Sweet Potato Soup Curry

Sweet Potato Soup Curry

This might not be a textbook, traditional Indian soup, but its tradition-inspired flavors are sure to hit all the right notes with Indian food fans who are looking for something thick and hearty. The use of turmeric brings out the rich fall color of the sweet potato, and its spice blend makes this the perfect soup for the cooler days and nights. Best when served with Indian bread, like naan or a roti.

Recipe: Sweet Potato Soup Curry

Spicy Egg Curry

Spicy Egg Curry

We might think that there is little you can do with boiled eggs other than make a salad, but the Indians would like to have a word. Egg curry is a popular dish which exists in different forms around the country, per NDTV. Egg curry can be made with just about any kind of gravy, whether the sauce is made with tomato or spinach. Our version of egg curry is a simplified version of this ultimate Indian comfort food, making it an easy weeknight dish for those days when time is at a premium.

Classic Masala Dosa

Classic Masala Dosa

If you’re looking for a recipe to quickly whip up and serve, then this classic masala dosa may not be for you, because getting this right needs time. But if you want to have a go at making this delightful South Indian crepe-type bread, then we can see this becoming a favorite. This is no ordinary flour crepe — a dosa is made with a batter of fermented rice and lentils, then stuffed with a potato curry. Just remember to give yourself half a day to prep the batter before cooking.

Recipe: Classic Masala Dosa

Khichdi

Khichdi

Those of us who know and love Indian food but balk a bit at cooking it up in our own kitchens because it can take plenty of time and attention and may require a many number of pots. However, this recipe for khichdi could be the exception. Per The Better India, this dish — which sees lentils and rice cooked up in one pot, is one of the oldest dishes found in the country, and is a beloved favorite to this day.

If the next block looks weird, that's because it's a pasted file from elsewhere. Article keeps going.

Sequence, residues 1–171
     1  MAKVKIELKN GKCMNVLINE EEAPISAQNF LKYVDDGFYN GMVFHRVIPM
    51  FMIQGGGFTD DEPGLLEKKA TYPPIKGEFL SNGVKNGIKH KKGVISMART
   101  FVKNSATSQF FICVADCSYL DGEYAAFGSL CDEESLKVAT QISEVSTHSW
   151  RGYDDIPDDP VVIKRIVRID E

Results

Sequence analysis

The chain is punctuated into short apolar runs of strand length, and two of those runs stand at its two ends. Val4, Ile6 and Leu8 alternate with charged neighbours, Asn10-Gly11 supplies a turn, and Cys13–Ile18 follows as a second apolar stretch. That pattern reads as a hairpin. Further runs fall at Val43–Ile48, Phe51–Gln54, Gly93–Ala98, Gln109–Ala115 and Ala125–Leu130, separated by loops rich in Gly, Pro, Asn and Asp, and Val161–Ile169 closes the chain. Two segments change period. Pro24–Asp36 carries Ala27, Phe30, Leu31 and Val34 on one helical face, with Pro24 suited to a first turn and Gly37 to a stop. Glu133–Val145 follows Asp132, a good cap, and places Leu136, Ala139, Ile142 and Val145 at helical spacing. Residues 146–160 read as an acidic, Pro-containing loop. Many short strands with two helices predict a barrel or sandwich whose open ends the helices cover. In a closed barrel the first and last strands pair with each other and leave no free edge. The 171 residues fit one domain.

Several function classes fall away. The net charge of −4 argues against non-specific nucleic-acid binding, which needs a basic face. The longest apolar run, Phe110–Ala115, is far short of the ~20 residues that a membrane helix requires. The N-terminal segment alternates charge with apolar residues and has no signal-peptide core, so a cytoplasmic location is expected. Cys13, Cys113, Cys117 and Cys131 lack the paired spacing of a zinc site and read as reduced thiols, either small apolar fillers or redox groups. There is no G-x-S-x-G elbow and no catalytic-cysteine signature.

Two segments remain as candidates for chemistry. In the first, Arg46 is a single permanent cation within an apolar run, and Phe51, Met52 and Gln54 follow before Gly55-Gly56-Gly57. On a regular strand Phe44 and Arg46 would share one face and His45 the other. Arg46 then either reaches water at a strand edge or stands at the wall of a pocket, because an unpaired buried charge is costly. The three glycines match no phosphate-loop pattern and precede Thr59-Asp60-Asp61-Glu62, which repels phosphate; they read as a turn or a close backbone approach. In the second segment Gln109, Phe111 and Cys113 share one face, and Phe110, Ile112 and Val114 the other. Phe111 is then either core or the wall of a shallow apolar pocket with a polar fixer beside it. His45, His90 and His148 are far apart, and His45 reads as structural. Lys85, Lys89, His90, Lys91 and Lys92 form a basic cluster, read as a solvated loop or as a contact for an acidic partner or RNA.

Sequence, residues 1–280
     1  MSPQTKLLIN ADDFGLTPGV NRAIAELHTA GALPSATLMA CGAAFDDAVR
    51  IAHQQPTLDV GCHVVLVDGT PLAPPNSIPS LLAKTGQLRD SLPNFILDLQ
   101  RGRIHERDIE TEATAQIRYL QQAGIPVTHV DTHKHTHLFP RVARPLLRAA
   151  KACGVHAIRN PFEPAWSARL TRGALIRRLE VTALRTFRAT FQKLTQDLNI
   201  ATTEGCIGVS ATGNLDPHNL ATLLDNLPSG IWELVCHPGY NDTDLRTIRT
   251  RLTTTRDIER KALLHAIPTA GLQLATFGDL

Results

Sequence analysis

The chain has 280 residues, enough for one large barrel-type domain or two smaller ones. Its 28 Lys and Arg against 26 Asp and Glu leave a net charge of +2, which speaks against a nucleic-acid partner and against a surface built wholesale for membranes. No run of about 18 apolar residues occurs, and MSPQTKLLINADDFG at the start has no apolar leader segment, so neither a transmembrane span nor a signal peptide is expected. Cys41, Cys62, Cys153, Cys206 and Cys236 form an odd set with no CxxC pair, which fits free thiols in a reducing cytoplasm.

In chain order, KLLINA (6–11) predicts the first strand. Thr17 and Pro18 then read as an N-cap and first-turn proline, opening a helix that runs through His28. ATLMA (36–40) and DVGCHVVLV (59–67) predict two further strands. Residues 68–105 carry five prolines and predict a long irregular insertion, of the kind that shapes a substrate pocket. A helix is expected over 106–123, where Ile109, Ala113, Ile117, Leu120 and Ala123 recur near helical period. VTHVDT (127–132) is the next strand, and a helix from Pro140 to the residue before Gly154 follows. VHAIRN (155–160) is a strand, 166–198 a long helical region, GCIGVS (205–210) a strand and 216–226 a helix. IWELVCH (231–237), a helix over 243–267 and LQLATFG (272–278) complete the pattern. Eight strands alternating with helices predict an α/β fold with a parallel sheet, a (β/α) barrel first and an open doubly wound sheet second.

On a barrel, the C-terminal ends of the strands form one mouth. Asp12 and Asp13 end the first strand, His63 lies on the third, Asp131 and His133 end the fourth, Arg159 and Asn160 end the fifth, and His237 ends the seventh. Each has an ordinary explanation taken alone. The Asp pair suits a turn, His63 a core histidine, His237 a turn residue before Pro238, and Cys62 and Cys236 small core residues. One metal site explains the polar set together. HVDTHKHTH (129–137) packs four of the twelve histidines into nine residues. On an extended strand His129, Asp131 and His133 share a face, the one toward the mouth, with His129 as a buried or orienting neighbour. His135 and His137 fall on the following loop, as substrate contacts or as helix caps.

Recipe: Khichdi

Crispy Buttered Turmeric Rice

Crispy Buttered Turmeric Rice

Until recently, turmeric was not a spice that was often seen or used in a typical western kitchen, but it gets plenty of attention in India, where it is used in many curries and marinades. There might not be much by way of medicinal value in this turmeric rice, but it offers up a visually stunning, delicious side dish when served up with grilled meats and seafood.

Recipe: Crispy Buttered Turmeric Rice

Kanda Poha

Kanda Poha

It might be difficult for us to imagine having rice for breakfast, but it is standard fare in different parts of the world. Kanda Poha, which the Love of Spice says came from the Indian state of Maharashtra, is one such dish. Poha is rich which, per Tarladalal is rich which has been "parboiled, rolled, flattened and then dried to produce flakes" which come in varying degrees of thickness. This version of kanda poha includes peanuts and spices for a light meal or filling snack.

Vegan Sweet Potato Gulab Jamun

Vegan Sweet Potato Gulab Jamun

This highly aromatic dessert is traditionally made with milk, per Serious Eats, putting it beyond the reach of vegans who might otherwise enjoy Indian food. But this version swaps out the milk for sweet potatoes and proceeds to harness the same flavors you might find in a milky gulab jamun, making this vegan version of India’s traditional sweet dumpling the perfect way to end a sumptuous Indian meal.

Recipe: VeganSweet Potato Gulab Jamun

Tim Graham’s Kasundi

Tim Graham's Kasundi

Chef Tim Graham has been associated with a number of Michelin-starred restaurants, and we’d like to think of this recipe as his tribute to this Bengali condiment. As the recipe suggests, make sure you toast your spices before you use them, to get the most out of them — as Serious Eats points out, toasting your spices is one sure way to get them to flavor a dish in the way that they are meant to. Toasting spices can be an Indian cook’s secret to making mouthwatering dishes.